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wife.

husband and wife are known as baron and femme, and a Disabilities of married woman as coverte de baron.1 Marriage by that law

is an absolute gift to the husband of nearly all the property of the wife.

because she is

He cannot grant or give anything to her

himself; 2 and if there are any compacts

between them before marriage they are dissolved on marriage by the union of persons it creates.

Her earnings belong to him at common law. She cannot sue for them; and if the employer paid the amount to the wife, her receipt was void, and the husband could recover payment a second time.3 He may dispose of all her chattels personal, by deed or otherwise in his lifetime, or by his will. They are subject to his debts, and, in case of his intestacy, they form part of his general personal estate out of which his widow would merely be entitled to a distributive share, as she would be out of property which had originally been her husband's.

modified by

§3. The harshness of the common law was somewhat common law mitigated by the courts of equity. Equity long ago rejected equity. the doctrine of a married woman having no personality,

See e.g. Balfour, Practicks, p. 93; Edmonstone v. Edmonstone, 1570,
M. 5997.

1" Madam, we will have a trick for his trick; say you are my wife, and plead covert-bearn." Crowne, The Country Wit (1675), Works, iii. p. 102 (ed. 1874).

2" A feme covert cannot take anything of the gift of her husband," Co. Litt. 3. a. So too he cannot covenant with her: she cannot in law be convicted of stealing his property. While a husband could not at common law make a direct gift to his wife, he could do so through a trustee or otherwise See note to Coke upon Littleton supra. The result was the same under early Roman law, when the wife was in manu of her husband.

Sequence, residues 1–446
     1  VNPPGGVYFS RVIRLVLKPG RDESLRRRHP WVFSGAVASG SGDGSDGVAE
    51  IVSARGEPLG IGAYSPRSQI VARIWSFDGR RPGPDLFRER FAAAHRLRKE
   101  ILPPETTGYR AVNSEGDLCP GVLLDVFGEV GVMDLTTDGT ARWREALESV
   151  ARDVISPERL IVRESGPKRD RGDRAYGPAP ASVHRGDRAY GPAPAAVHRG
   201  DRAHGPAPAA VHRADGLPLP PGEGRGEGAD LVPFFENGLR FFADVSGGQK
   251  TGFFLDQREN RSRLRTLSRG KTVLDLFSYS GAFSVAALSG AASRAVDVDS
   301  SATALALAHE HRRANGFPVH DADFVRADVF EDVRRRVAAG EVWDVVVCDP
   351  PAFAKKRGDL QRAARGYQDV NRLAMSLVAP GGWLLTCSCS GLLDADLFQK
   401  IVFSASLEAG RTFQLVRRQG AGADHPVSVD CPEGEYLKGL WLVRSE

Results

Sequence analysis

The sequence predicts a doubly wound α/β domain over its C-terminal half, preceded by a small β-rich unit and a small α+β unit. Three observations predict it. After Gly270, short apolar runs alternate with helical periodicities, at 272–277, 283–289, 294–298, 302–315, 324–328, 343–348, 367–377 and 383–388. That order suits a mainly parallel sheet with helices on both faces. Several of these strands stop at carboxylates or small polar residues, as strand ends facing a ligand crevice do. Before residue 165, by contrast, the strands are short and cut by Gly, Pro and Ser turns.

3 Offley v. Clay, 2 Man. and Gr. 172. The common law of Scotland is pretty much the same, Henderson v. M'Callum, 1794; Hume, 202.

Division of the subject.

recognized that a married woman might possess separate property, that having property she might dispose of it at her own pleasure, that she might make contracts regarding it, and as a necessary consequence that she might be sued upon such contracts.

It was seen, however, that what was required was not an ingenious device for avoiding the consequences of the law, but a modification of the law itself, and this has recently been effected by statute, as will be hereafter explained.

§ 4. Turning now to the law of Scotland we shall con

sider

(a) The effect of marriage upon the property of the spouses according to the common law.

(b) The disposition of that property which the common law makes upon the dissolution of the marriage by the death of either spouse.

(c) The modifications which have been made upon the common law by statute.

(d) The conventional arrangements by which the property of married persons is protected, and the interests of themselves and of their children therein are regulated.

(e) The effect of bankruptcy upon the property of married persons, and upon conventional provisions for married persons and their children.

CHAPTER II.

THE EFFECT OF MARRIAGE UPON THE PROPERTY OF THE SPOUSES

ACCORDING TO THE COMMON LAW OF SCOTLAND.

5. Immediately upon marriage the husband is by the Jus mariti and right of admincommon law of Scotland invested with what are known as istration. his jus mariti and right of administration-his headship and gubernative administration as Fountainhall calls it: and is constituted his wife's curator or guardian. In virtue of the jus mariti the husband becomes absolute owner, with a few trifling exceptions, of all the moveable property then belonging to the wife or subsequently accruing to her, capital as well as income, and, in virtue of his right of administration, of the income, but not of the fee of her heritable estate.2 The assignation is complete_contrary to the rule in nearly every other case-without intimation, and operates all the world over.3 While the marriage subsists the wife has no say in the disposal of anything that falls under the jus

1 Fountainhall, Decisions, ii. p. 220.

See

2 Distinguish between jus mariti and right of administration. Brodie's Stair, i. p. 30 n.; Fraser, Treatise on Husband and Wife, i. 676, 796; and Lord Gifford in Bryce's Trustee, 2 March, 1878, 5 R. 722. Cf. Dick v. Lady Pinkhill, 1709, M. 5999, and the Married Women's Property (Scotland) Act, 1881, § 1., sub-sec. 1, and § 2.

3 Per Lord Meadowbank in Royal Bank v. Stein & Co's Assignees, 20 Jan. 1813, F.C.; S.C., Buchanan's Cases, p. 320, and 1 Rose Bank. Ca. App. 481; See also Selkrig v. Davies, 2 Dow, 230; S.C. 2 Rose Bank. Ca. 99. As to the present law, see infra, pp. 66, 79.